I just read something disturbing in Beppe Grillo's blog. An italian.... maverick.
I've no idea if what is said is really the state of things, but I do tend to think it could be so, just from a personal experience of my husband being offered a certain concoction to drink when we were welcome to stay at a friend's abode.. some years ago.
Anyway, do any of you know any more about this? I hasten to add we in the west have our difficult behaviors too..
Here's the link, which has photos and a video
(you may need to scroll down to and just past Dec. 1st)
and a quote -
"I’m publishing an interview with Jill Robinson (*) of Animals Asia Foundation. The blog has already described the Calvary of the Moon Bears. Unable to move inside a tiny cage for 20 years, for as long as they stay alive. Twice a day their bile is extracted from their bodies for use in medicines, drinks and shampoos. The pain is so great that they try to commit suicide. To stop them doing that, their claws have been pulled out and their teeth sawn off. 10,000 Moon Bears are tortured in China, Korea and Vietnam. Jill will shortly tell us about the products containing their bile and the addresses of the torture sites.
I have asked Jill if I can adopt a Moon Bear as a mascot for the blog. As soon as I get the photo I will publish it. Crikey. I feel like a father waiting outside the delivery room. Help Jill by going to the site Animals Asia Foundation."
Jill Robinson: “This poor bear has clearly been in a cage for years and years and years. He’s not only performing severe stereotypic behaviour but it is to such an extent that he has actually worn the fur completely off his face and some of his body. He’s also got very dry and cracked pads, hyperkeratotic footpads which again indicate that this bear has not stood on solid ground for years and years. It’s a complete disgrace.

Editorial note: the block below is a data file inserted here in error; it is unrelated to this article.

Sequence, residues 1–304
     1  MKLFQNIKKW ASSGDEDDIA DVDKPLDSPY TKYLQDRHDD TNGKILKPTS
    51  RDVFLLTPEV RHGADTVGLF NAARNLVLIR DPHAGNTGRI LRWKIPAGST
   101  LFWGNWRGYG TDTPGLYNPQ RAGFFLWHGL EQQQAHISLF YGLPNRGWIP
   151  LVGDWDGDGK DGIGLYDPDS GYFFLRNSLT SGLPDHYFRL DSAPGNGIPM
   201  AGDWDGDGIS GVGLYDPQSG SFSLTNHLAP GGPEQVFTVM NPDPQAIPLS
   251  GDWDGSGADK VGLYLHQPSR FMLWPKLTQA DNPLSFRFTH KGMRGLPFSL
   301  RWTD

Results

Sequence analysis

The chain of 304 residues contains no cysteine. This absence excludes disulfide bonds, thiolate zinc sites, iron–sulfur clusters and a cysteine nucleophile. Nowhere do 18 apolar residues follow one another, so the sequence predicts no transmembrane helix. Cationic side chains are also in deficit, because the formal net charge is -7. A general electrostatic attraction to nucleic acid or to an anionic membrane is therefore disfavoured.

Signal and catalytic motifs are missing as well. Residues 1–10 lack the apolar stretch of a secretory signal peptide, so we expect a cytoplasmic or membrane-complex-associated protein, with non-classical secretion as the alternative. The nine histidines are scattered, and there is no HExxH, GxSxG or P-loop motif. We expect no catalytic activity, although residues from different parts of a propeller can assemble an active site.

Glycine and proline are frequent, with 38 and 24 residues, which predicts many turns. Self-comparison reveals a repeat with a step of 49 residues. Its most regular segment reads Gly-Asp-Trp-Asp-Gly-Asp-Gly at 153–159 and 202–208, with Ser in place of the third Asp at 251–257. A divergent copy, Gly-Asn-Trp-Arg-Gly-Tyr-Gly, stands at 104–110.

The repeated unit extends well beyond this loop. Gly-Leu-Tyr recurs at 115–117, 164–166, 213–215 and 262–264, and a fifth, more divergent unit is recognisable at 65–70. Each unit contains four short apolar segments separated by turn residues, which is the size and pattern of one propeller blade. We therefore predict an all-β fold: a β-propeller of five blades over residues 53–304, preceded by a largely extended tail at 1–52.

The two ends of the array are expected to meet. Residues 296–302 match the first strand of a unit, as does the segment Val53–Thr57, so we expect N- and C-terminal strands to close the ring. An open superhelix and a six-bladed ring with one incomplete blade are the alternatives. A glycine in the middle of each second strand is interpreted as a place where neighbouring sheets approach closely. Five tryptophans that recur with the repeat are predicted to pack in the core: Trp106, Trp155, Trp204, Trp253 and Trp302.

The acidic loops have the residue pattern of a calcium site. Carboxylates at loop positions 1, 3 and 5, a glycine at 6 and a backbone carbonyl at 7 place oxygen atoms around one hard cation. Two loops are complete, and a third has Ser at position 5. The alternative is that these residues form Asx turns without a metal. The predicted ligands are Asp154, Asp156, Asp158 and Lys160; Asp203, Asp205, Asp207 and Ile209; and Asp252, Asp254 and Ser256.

These two baby bears are actually sucking each other’s paws. This is the noise that they would actually make when they are sucking milk from their mother. The first bear, which doesn’t seem to be in too bad a condition, but we are quite worried about some of these here. You can see the suffocating cages and one of them has an eye problem.
But until we get them out here we can’t really see their condition but you can smell some of them. I think we have some problem bears here with infections. We think 29 have arrived but then again, until we get them off, we’re not sure. This one we are really worried out too. During the night he’s been moaning a lot. He’s been bringing his back legs up to his chest as though he has severe abdominal pain. He’s got a lot of ulcers around his mouth. He’s trying to scratch inside his mouth. He wants to eat but it’s obviously causing him some pain as well. He’s quite thin and he’s also blind in one eye.
So we have a lot of problems with this one too. I’m quite worried about him. Actually his face is horrible. It’s very badly ulcerated on the lips.
Interviewer: Do you think he’ll make it?
Jill Robinson: I don’t know. I don’t have a good feeling particularly about this one, but you know, they prove us wrong time and time again and we do see miracles, so let’s hope for this one. They are such a stoic animal, you know they can withstand so much pain and stress. No other animal would be able to adapt to that sort of environment, certainly no human being. But again we find time and time again, they pull through. But I can’t help being very very worried about this one.
Interviewer: “How long does a typical bear survive in these conditions?”
Jill Robinson: Until they fade away. Months and months and months. Dogs and cats wouldn’t survive that sort of trauma at all."